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cp: kopírovat soubory a adresáře

Originální popis anglicky: cp - copy files and directories

Návod, kniha: General Commands Manual


cp [options] file path
cp [options] file... directory
POSIX options: [-fiprR] [--]
Additional POSIX 1003.1-2003 options: [-HLP]
GNU file-utils 4.0 options (shortest form):
[-abdfilprsuvxPR] [-S SUFFIX] [-V {numbered,existing,simple}] [--backup=CONTROL] [--sparse=WHEN] [--help] [--version] [--]
Additional GNU file-utils 4.1 options (shortest form):
[-HLP] [--copy-contents] [--no-preserve] [--reply=HOW] [--remove-destination] [--strip-trailing-slashes] [--target-directory=DIR]


cp copies files (or, optionally, directories). You can either copy one file to a given destination, or copy arbitrarily many files to a destination directory.
If the last argument names an existing directory, cp copies each source file into that directory (retaining the same name). Otherwise, if only two files are given, it copies the first onto the second. It is an error if the last argument is not a directory and more than two non-option arguments are given.
(Thus, if /a is a directory, then `cp -r /a /b' will copy /a to /b/a and /a/x to /b/a/x in case a directory /b existed already, but it will copy /a to /b and /a/x to /b/x if there was no /b beforehand, while it will fail in case there was an ordinary file /b.)
The modes of the files and directories created will be the same as those of the original files, ANDed by 0777, and modified by the user's umask (unless the -p option was specified). (But during the recursive copy of directories, newly created directories will temporarily get their final mode ORed with S_IRWXU (0700), so as to allow the process to read, write and search the newly created directory.)
Nothing is done when copying a file to itself (except possibly producing an error message). When copying to a different existing file, it is opened using `open(path, O_WRONLY | O_TRUNC)'. When copying to a new file it is created using `open(path, O_WRONLY | O_CREAT, mode)'. If this fails, the file existed, and the -f option was given, cp tries to delete (unlink) the existing file, and if this succeeds proceeds as for a new file.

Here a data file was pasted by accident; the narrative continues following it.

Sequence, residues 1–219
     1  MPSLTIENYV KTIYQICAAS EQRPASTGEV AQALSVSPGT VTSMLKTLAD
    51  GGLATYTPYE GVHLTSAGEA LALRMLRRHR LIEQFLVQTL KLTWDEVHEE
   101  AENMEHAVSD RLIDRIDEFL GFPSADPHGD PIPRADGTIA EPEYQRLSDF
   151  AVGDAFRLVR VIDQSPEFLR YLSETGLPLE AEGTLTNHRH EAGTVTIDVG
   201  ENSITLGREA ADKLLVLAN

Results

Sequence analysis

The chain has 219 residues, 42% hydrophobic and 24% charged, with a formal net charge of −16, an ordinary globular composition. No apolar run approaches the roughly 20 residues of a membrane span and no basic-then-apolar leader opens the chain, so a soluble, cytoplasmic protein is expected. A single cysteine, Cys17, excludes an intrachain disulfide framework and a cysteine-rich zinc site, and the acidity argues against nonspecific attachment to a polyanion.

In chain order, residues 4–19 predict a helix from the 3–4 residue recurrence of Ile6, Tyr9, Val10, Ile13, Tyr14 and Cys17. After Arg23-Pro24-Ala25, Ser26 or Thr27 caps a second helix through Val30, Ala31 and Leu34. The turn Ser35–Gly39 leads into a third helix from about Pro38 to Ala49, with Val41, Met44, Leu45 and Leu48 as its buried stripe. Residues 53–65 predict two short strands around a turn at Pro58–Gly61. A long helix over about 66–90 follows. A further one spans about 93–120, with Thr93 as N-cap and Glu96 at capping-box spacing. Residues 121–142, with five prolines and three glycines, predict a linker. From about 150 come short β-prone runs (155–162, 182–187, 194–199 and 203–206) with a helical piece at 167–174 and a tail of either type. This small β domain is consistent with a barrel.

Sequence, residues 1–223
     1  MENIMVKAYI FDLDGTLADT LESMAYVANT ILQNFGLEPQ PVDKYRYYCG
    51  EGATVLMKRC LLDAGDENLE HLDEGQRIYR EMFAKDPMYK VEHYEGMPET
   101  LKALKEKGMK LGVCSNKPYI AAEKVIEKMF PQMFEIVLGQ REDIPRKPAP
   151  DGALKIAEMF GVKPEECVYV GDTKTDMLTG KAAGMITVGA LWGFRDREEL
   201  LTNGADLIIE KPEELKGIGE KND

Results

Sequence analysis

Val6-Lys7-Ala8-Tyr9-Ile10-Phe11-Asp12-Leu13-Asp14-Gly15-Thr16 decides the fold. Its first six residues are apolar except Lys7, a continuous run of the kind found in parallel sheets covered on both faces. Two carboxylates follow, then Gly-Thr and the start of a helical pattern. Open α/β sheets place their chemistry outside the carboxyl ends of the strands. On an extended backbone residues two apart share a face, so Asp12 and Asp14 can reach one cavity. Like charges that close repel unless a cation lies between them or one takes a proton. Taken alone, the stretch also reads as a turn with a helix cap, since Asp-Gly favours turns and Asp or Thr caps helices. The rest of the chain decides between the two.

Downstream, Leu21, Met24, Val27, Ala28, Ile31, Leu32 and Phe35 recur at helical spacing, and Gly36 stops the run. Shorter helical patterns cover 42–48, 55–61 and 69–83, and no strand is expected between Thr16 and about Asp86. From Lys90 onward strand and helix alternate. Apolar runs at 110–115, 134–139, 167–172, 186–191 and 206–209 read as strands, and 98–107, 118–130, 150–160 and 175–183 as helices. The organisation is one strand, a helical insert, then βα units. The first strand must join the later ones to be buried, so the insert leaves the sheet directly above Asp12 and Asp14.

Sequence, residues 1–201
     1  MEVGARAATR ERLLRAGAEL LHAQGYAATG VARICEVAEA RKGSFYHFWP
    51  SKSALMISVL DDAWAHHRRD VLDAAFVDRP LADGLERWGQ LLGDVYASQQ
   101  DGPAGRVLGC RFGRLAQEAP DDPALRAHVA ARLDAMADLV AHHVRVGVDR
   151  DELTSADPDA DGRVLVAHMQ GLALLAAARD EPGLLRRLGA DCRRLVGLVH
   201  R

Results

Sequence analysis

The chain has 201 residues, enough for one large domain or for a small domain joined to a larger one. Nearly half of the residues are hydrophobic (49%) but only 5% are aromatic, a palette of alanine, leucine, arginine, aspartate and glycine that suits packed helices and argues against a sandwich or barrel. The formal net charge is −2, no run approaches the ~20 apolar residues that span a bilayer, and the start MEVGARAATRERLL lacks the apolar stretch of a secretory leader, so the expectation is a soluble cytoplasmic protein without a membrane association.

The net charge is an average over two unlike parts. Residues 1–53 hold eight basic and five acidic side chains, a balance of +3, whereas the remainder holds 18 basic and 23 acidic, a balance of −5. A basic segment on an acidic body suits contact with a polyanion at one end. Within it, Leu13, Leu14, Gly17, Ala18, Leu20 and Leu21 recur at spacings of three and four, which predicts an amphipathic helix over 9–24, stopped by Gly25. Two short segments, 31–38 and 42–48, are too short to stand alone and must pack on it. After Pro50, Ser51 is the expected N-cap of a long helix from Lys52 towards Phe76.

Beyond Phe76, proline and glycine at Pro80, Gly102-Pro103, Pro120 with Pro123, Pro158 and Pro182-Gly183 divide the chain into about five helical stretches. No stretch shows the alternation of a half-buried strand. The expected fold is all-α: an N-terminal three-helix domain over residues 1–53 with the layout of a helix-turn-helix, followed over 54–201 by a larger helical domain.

POSIX recognizes four options and a half:
Remove existing destination files if required. (See above.)
Prompt whether to overwrite existing regular destination files. (Write a question on stderr, and read the answer from stdin. Only copy upon an affirmative answer.)
Preserve the original files' owner, group, permissions (including the setuid and setgid bits), time of last modification and time of last access. In case duplication of owner or group fails, the setuid and setgid bits are cleared. (Note that afterwards source and copy may well have different times of last access, since the copy operation is an access to the source file.)
Copy directories recursively, and do the right thing when objects other than ordinary files or directories are encountered. (Thus, the copy of a FIFO or special file is a FIFO or special file.)
Copy directories recursively, and do something unspecified with objects other than ordinary files or directories. (Thus, it is allowed, in fact encouraged, to have the -r option a synonym for -R. However, silly behaviour, like that of the GNU 4.0 version of cp is not forbidden.)
Terminate option list.


POSIX 1003.1-2003 adds three options that specify how to handle symbolic links. When doing a non-recursive copy, symbolic links are followed. When doing a recursive copy using the -r option, the results are implementation-defined. When doing a recursive copy using the -R option:
Follow the symbolic links given in the parameter list. Do not follow symbolic links encountered during the recursive copy, but just copy them as symbolic link.
Follow all symbolic links, both those that occur in the parameter list and those encountered during the recursive copy.
Do not follow any symbolic links, neither those that occur in the parameter list nor those encountered during the recursive copy. Just copy them as symbolic link.
There is no default - one should specify the desired behaviour.


Generally, files are written just as they are read. For exceptions, see the --sparse option below.
By default, `cp' does not copy directories (see -r below).
cp generally refuses to copy a file onto itself, with the following exception: if --force --backup is specified with source and dest identical, and referring to a regular file, cp will make a backup file, either regular or numbered, as specified in the usual ways. This is useful when you simply want to make a backup of an existing file before changing it.
By default, symbolic links are not followed.


-a, --archive
Preserve as much as possible of the structure and attributes of the original files in the copy (but do not preserve directory structure). Equivalent to -dpPR.
See the discussion of backups below.
--copy-contents (since file-utils 4.1)
Do the silly things file-utils 4.0 did, trying to copy the contents of device files and FIFOs during a recursive copy. Never use this option. With it, `cp' may well hang indefinitely reading a FIFO or /dev/tty, or fill the destination disk copying /dev/zero.
Copy symbolic links as symbolic links rather than copying the files that they point to, and preserve hard links between source files in the copies.
With file-utils 4.0 the long option --no-dereference was a synonym for -d, with file-utils 4.1 it is a synonym for -P, while -d is equivalent to --no-dereference --preserve=links.
-f, --force
Remove existing destination files in case an open for writing fails, and never prompt before doing so. (Thus since file-utils 4.1. With file-utils 4.0 this option was equivalent to the new --remove-destination.)